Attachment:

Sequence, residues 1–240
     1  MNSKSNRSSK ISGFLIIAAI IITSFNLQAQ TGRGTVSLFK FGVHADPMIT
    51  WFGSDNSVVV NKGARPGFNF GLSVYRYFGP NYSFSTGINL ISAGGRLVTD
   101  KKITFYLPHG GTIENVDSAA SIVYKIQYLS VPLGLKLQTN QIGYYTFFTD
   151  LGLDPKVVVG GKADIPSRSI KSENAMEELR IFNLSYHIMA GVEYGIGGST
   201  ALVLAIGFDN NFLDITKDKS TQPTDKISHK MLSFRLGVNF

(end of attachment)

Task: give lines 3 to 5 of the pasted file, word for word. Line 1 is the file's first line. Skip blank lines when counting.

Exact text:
    51  WFGSDNSVVV NKGARPGFNF GLSVYRYFGP NYSFSTGINL ISAGGRLVTD
   101  KKITFYLPHG GTIENVDSAA SIVYKIQYLS VPLGLKLQTN QIGYYTFFTD
   151  LGLDPKVVVG GKADIPSRSI KSENAMEELR IFNLSYHIMA GVEYGIGGST